Zijlstra is a West Frisian toponymic or occupational surname meaning "from/of the Zijl", a Middle Dutch name for a type of sluice (Modern Dutch Spuisluis , German Siel ). The suffix "-stra" is derived from old Germanic -sater, meaning sitter or dweller. The name could thus be referring to a lock keeper. Variant forms are Zeijlstra, Zeilstra, Zylstra, and Sylstra. The latter is the common spelling abroad.People with this name include:
Maas is a Dutch and North German patronymic surname, from an archaic short form of Thomas. It could also be a toponymic surname derived from the river Maas. The surname is quite common in the Netherlands, ranking 43rd in 2007.
Jelle Zijlstra was a Dutch politician of the defunct Anti-Revolutionary Party (ARP) now merged into the Christian Democratic Appeal (CDA) party and economist who served as Prime Minister of the Netherlands from 22 November 1966 until 5 April 1967.
The Anti-Revolutionary Party was a Protestant conservative and Christian democratic political party in the Netherlands. The party was founded in 1879 by Abraham Kuyper, a neo-Calvinist theologian and minister. In 1980 the party merged with the Catholic People's Party (KVP) and the Christian Historical Union (CHU) to form the Christian Democratic Appeal (CDA).
The Catholic People's Party was a Catholic Christian democratic political party in the Netherlands. The party was founded in 1945 as a continuation of the Roman Catholic State Party, which was a continuation of the General League of Roman Catholic Caucuses. During its entire existence, the party was in government. In 1980 the party merged with the Anti-Revolutionary Party (ARP) and the Christian Historical Union (CHU) to form the Christian Democratic Appeal (CDA).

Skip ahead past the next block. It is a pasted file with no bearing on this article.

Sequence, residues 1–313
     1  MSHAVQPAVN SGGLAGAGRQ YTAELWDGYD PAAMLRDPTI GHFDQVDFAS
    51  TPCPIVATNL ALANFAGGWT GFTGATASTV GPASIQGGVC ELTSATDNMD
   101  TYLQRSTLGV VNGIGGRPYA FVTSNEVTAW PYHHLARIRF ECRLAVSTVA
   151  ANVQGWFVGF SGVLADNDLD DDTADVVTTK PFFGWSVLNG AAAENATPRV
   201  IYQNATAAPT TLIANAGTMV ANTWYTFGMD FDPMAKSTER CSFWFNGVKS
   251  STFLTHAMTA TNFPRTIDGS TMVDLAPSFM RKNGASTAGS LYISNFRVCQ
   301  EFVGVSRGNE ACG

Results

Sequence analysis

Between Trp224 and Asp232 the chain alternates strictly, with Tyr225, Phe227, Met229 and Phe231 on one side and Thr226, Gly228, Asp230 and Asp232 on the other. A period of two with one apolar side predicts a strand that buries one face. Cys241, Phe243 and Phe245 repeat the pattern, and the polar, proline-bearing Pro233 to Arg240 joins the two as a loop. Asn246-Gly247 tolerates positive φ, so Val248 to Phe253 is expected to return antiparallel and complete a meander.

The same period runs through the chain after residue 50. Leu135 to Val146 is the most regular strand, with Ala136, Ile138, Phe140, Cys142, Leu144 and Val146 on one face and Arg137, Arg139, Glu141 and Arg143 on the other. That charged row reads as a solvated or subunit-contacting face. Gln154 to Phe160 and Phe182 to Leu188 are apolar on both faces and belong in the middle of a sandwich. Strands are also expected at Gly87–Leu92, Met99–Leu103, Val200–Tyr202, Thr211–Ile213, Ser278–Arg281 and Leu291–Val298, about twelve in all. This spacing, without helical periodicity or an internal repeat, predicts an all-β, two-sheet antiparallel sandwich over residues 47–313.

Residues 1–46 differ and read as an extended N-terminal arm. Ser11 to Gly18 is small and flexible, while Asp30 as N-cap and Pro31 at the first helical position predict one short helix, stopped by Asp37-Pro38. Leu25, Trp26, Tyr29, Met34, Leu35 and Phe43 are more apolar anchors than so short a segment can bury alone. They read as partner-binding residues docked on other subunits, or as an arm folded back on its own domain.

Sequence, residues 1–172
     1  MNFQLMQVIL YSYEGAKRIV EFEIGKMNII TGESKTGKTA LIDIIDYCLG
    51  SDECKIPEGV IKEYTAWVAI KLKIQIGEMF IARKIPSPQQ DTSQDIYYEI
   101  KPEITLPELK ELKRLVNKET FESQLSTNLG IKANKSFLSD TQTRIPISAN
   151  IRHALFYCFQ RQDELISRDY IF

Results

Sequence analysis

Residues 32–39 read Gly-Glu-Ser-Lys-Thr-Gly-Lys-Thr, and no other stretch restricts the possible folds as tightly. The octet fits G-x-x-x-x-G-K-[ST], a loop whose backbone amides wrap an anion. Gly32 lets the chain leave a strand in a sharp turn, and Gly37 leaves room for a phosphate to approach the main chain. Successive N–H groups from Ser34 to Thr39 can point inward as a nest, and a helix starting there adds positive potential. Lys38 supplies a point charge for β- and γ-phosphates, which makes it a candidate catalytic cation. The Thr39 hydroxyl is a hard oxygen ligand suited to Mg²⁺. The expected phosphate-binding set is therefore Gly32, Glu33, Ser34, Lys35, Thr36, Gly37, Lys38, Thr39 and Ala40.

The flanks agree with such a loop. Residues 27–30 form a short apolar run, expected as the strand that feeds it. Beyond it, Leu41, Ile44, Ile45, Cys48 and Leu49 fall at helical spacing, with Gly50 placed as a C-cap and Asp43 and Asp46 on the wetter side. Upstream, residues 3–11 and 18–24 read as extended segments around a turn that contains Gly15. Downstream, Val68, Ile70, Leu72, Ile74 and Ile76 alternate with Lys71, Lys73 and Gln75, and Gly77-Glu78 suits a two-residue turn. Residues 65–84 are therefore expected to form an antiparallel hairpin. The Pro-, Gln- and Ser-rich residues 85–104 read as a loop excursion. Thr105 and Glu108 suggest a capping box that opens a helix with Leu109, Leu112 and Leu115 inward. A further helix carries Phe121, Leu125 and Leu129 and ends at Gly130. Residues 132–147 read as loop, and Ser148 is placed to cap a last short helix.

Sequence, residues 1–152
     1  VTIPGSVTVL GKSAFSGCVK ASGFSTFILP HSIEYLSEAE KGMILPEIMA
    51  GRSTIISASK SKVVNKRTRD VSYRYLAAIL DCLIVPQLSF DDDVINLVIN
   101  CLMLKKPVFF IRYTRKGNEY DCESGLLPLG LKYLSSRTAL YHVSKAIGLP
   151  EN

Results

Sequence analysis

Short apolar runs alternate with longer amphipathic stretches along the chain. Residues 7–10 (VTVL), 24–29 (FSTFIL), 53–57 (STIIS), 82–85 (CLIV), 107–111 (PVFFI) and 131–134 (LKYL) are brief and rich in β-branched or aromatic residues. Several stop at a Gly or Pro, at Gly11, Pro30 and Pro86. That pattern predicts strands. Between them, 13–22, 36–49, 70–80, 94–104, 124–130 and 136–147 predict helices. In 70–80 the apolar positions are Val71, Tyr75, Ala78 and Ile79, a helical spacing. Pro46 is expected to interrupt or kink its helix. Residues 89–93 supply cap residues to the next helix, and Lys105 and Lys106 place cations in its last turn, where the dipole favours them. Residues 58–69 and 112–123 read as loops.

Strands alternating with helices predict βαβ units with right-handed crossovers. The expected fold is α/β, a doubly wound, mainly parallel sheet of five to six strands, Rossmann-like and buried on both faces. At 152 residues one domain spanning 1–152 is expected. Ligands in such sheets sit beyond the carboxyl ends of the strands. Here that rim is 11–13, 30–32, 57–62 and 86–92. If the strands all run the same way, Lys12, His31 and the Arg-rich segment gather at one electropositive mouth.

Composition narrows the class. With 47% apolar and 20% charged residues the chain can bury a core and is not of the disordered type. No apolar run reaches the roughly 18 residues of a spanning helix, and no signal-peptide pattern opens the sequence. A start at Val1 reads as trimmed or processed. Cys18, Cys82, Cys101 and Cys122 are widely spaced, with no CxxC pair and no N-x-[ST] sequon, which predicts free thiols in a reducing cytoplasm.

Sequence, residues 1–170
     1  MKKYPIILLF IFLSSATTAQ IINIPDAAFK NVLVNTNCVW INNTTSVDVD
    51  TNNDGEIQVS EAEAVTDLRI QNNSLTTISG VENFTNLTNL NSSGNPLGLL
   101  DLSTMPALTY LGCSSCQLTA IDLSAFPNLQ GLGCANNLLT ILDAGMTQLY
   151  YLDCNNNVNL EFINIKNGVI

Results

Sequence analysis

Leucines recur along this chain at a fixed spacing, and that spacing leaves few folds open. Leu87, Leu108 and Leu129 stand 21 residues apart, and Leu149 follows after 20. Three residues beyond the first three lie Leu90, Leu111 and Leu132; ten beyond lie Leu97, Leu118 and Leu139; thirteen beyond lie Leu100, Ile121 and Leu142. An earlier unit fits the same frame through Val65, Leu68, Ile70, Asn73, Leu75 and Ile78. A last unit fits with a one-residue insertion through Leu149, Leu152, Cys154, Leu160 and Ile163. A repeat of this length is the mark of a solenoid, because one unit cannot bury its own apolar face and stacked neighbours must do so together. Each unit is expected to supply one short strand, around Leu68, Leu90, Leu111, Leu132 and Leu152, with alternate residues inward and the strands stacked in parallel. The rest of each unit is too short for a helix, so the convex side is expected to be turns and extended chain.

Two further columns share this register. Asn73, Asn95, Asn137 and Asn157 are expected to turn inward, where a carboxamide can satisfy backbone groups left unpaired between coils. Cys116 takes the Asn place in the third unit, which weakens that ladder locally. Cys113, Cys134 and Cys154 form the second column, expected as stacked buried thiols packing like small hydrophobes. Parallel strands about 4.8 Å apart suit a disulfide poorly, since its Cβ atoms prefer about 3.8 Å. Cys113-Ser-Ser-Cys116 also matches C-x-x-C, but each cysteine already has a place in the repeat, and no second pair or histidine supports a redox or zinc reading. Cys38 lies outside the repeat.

Mulder is a Dutch language toponymic surname. It is an archaic Dutch word for "miller". With 38,207 people in the Netherlands named Mulder, it was the 12th most common name there in 2007. In Belgium the form De Mulder is more common. The surname Mulder is also an occupational name of German origin, meaning "the maker of wooden bowls", from Middle High German mulde ‘bowl’, ‘trough’, or ‘tub’ + the agent suffix -er. The majority of people with this last name though are of the Dutch name origin. This is in due part because milling is an integral part of Dutch traditional rural life.
The Christian Historical Union was a Protestant Christian democratic political party in the Netherlands. The CHU is one of the predecessors of the Christian Democratic Appeal (CDA), into which it merged in September 1980.
The Political Party of Radicals was a progressive Christian and green political party in the Netherlands. The PPR played a relatively small role in Dutch politics and merged with other left-wing parties to form GreenLeft in 1991.
The De Jong cabinet was the cabinet of the Netherlands from 5 April 1967 until 6 July 1971. The cabinet was formed by the political parties Catholic People's Party (KVP), People's Party for Freedom and Democracy (VVD), Anti-Revolutionary Party (ARP) and the Christian Historical Union (CHU) after the election of 1967. The centre-right cabinet was a majority government in the House of Representatives. Piet de Jong of the Catholic People's Party was Prime Minister, with Johan Witteveen of the People's Party for Freedom and Democracy and Joop Bakker of the Anti-Revolutionary Party serving as Deputy Prime Ministers.